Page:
History, it is said, is written by the victors. In North Carolina, apparently, that history will be written by Sharia-fearin', teacher-salary slashin' white people totin' guns into their favorite playgrounds and bars.
Why do we say this? Well, because there's no question who the victors are in North Carolina, at least not when it come to elections in the wake of the Citizens United v. Federal Election Commission ruling, that infamous 2010 decision handed down by the conservative Roberts Court that says, basically, not only does money talk, it's downright illegal to try to get it to shut up.
And that's led to this: in North Carolina elections, outside spending by corporations and multimillionaires increased 400 percent. Financed by all that outside (and outsized) money, the GOP took both houses of the legislature and the governor's mansion from the Democrats. Then the Republicans, according to the people who watch these things closely, "launched one of the country's broadest attacks on voting rights, decimated the state's campaign finance disclosure laws and contribution limits, heavily gerrymandered congressional districts, and politicized judicial elections."
Justice Kennedy, who wrote the Citizens United opinion with the claim that this kind of free-for-all could never "give rise to corruption or the appearance of corruption," must be having a hard time concentrating these days amid all those cackles of laughter from Justices Thomas and Scalia.
And yet what's been happening in North Carolina since corporations bought the government? Tax cuts for the wealthy and for businesses, of course. Even pay raises for members of the new Republican governor's cabinet! The less well-off, however, saw cuts in unemployment benefits, pay cuts for public school teachers, and a big "no thanks" from the governor to expanded federal Medicaid funds.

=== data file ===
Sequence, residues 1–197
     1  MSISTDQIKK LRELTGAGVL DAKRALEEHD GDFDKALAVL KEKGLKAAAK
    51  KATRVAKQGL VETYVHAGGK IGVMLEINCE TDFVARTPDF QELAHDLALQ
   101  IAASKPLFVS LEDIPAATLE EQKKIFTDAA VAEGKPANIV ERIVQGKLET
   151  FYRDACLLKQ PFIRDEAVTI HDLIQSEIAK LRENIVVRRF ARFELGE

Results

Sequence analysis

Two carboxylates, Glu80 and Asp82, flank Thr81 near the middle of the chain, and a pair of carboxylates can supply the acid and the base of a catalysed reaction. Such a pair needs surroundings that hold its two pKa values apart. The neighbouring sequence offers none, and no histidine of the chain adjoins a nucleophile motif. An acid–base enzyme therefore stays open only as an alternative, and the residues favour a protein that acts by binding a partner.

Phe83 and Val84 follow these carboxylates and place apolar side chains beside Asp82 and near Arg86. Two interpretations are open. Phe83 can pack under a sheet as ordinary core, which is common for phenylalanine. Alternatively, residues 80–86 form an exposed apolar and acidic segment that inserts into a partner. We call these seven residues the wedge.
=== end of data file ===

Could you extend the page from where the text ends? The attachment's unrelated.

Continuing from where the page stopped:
It should surprise no one -- with the possible exception of Justice Kennedy -- that this is what happens when you put democracy up for sale. And with newly empowered Republicans in states like North Carolina passing anti-voter legislation faster than Rush Limbaugh can say "voter fraud!" -- it's going to be difficult to reverse the trend.
That is, if voters even want to reverse the trend. After all, if Miley Cyrus can twerk the Disney logo off her butt on global television, can anyone really claim that corporations own our country? Aren't we being a wee bit paranoid?
We'll let you decide that for yourselves. But, first, a question: Just how far would corporations have to go before voters sat up and took notice that they bought our government? What do you think?
Subscribe to the Lester & Charlie Weekly Newsletter
Follow Lester & Charlie on Facebook
Follow Lester & Charlie on Twitter: www.twitter.com/bondwooley